Let me get one thing out of the way before I start: I also hate Ben Roethlisberger.
In fact, my rational brain hates him even more than it hates Peyton Manning. It’s one thing to be an over-rated goon, it’s another to be, in all likely-hood, a multiple rapist. I am fully aware that Roethlisberger’s offences are far greater than Manning’s.
But the irrational part of me still hates Peyton Manning more.
The wake of this year’s Super Bowl gives me a perfect opportunity to explain why.
First, let’s think back to last year’s Super Bowl, featuring Manning’s Colts and the New Orleans Saints. In the fourth quarter, the Colts were down seven points with the ball. Manning had a chance to once and for all prove that he could handle pressure. He had an opportunity to join the likes of Joe Montana, John Elway, and Tom Brady (and even Roethlisberger) as QBs who led their teams on legendary drives when it mattered the most.
This is what happened (note the commentator’s attempt to blame the receiver instead of Manning – proof that the press just love Manning – unless the ball bounces off a receiver’s hands, it’s the QB’s fault, period):
Fast forward to this year’s game. Roethlisberger, like Manning a year before, killed his team with a bad throw:
But as similar as the outcome was, there is a stark contrast in the two QBs. To see what I’m talking about, let’s take a look at their respective post-game interviews. We’ll start with Roethlisberger’s post-game interview (which is not yet available on YouTube, so you’ll have to follow the link).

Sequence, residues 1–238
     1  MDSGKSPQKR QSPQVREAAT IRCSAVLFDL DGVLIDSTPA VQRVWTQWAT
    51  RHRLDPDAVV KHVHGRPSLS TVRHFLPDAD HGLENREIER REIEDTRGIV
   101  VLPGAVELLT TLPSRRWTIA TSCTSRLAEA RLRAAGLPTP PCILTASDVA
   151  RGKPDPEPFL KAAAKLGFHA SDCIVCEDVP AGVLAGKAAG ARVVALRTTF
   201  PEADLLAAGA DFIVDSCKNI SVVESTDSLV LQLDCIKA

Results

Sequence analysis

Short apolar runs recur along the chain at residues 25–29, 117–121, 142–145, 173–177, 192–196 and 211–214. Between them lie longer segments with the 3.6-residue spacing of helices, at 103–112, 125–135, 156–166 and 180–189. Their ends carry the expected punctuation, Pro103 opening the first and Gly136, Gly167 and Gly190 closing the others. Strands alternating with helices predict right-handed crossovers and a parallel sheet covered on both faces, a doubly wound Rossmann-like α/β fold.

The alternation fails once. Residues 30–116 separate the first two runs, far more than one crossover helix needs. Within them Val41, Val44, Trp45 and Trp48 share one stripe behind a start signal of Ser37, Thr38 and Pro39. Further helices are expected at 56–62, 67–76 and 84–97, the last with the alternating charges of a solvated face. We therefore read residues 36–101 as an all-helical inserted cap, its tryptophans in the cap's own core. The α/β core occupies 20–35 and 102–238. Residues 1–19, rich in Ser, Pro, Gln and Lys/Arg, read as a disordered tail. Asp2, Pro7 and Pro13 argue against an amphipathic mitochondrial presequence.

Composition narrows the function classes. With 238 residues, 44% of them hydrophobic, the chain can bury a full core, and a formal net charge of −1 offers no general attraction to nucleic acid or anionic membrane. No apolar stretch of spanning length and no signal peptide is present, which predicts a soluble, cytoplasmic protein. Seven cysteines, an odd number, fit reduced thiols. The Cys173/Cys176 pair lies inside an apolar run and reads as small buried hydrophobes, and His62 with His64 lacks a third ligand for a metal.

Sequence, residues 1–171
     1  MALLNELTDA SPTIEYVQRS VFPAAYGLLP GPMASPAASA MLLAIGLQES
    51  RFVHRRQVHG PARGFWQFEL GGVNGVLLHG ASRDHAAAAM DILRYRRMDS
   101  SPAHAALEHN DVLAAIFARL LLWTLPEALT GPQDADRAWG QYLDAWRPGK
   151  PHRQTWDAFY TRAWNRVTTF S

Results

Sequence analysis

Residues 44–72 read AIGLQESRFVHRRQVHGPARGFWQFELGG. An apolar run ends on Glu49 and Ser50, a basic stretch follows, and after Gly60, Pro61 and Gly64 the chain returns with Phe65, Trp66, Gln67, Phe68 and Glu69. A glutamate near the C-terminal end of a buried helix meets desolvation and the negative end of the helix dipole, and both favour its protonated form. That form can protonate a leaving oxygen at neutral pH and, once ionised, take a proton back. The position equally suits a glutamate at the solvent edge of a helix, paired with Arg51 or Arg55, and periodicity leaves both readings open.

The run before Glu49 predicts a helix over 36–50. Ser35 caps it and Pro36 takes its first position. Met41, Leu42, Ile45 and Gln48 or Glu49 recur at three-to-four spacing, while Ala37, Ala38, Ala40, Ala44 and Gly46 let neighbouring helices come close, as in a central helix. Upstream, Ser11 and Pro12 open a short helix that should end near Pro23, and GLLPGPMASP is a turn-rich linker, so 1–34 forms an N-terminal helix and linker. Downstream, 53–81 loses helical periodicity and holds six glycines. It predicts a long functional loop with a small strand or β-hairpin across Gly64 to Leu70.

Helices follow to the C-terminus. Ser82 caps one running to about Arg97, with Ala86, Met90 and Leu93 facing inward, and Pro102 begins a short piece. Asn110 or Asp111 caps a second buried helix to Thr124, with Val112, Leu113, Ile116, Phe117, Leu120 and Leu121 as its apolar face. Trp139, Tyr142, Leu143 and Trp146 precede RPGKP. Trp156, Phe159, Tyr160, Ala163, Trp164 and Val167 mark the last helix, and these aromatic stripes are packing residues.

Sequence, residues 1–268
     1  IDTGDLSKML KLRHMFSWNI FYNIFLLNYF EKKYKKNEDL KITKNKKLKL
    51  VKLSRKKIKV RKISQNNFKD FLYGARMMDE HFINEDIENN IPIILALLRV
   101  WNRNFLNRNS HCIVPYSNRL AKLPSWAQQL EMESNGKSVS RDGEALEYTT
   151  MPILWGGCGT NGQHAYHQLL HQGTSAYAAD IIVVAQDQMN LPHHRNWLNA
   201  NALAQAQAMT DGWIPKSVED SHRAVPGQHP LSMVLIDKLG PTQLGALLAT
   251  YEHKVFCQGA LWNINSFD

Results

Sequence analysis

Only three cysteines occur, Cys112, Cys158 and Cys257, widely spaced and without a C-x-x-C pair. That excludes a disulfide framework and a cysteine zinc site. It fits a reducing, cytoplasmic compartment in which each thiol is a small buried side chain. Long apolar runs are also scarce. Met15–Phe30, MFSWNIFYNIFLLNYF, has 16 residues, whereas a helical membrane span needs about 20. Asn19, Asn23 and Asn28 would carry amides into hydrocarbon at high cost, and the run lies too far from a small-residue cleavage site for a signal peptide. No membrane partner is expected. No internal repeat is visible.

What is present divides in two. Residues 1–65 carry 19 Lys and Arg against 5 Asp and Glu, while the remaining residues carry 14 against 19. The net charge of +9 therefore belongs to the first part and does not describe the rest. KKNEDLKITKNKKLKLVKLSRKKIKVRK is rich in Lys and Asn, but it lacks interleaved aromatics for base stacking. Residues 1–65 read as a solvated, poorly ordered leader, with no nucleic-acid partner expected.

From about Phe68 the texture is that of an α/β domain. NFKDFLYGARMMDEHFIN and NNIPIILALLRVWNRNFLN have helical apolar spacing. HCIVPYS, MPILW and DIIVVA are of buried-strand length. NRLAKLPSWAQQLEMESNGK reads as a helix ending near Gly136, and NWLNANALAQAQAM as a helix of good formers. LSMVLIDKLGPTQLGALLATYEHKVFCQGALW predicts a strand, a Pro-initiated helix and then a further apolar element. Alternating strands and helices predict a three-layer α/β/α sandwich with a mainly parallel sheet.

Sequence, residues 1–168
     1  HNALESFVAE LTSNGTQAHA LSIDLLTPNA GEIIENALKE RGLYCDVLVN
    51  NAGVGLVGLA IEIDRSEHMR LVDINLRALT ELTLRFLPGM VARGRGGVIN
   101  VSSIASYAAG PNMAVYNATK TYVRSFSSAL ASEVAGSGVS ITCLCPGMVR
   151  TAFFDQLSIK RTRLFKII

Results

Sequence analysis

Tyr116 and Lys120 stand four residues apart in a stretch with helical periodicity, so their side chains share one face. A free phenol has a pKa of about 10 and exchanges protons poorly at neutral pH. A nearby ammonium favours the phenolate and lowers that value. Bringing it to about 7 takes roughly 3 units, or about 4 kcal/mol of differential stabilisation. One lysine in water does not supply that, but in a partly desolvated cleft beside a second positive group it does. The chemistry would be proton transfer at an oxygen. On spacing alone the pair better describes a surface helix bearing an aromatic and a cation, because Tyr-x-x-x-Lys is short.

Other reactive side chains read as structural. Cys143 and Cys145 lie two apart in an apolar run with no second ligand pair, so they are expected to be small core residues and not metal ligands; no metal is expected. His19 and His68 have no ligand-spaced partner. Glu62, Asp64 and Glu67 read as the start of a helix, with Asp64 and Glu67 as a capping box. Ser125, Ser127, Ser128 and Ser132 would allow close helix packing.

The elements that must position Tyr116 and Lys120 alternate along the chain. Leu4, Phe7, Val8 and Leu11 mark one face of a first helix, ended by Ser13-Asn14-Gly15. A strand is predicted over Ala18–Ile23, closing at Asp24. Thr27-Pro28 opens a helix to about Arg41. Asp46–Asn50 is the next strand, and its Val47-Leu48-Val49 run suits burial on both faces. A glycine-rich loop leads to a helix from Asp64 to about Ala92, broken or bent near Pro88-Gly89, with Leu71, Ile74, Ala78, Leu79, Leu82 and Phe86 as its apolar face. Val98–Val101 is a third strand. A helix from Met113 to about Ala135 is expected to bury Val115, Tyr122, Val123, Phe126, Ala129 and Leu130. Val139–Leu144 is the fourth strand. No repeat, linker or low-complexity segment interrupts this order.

Note the way he takes responsibility for his role in the loss. He mentions all of the players on his team whom he felt played well, and then says, “Me, personally, I felt like I let a lot of people down.” He then goes on to say, “I turned the ball over, and you can’t do that.” So, sure, he refuses to take responsibility for sexually assaulting young women. But when it comes to football, he’s more than willing to step up and admit his faults.
Now let’s move on to Manning, and his post-game comments:
Notice his careful avoidance of ever actually taking responsibility for the interception that he threw. When a reporter asks him about it directly, he quickly diverts attention to the previous drive. At no time did he stand up and say, “I’m the multi-million dollar golden boy who is supposed to carry his team when the games are tough, and I let the team down.”
Instead, he starts talking about a screen pass that didn’t get as many yards as he thought it should. That screen pass wasn’t what caused you to lose, you over-rated choke artist, it was that interception that you threw that the Saints returned for a touchdown. Surely, in all that alleged time you spend in film study, you understand the difference between the two. In case you don’t, here’s some more film to study:
Let’s watch that one more time, just because it’s just so much dang fun:
So, sure, Manning spends his off-season making crappy commercials while Roethlisberger spends his assaulting young women. And, of course, the latter is so much worse that the two activities don’t really even warrant comparison. But as a teammate, Roethlisberger’s post-game comments are a model of what a franchise QB should say.
Manning’s comments are the words of a spoiled baby who can’t admit that he blew it. Given how many times he’s blown it, you’d think he’d have it down by now.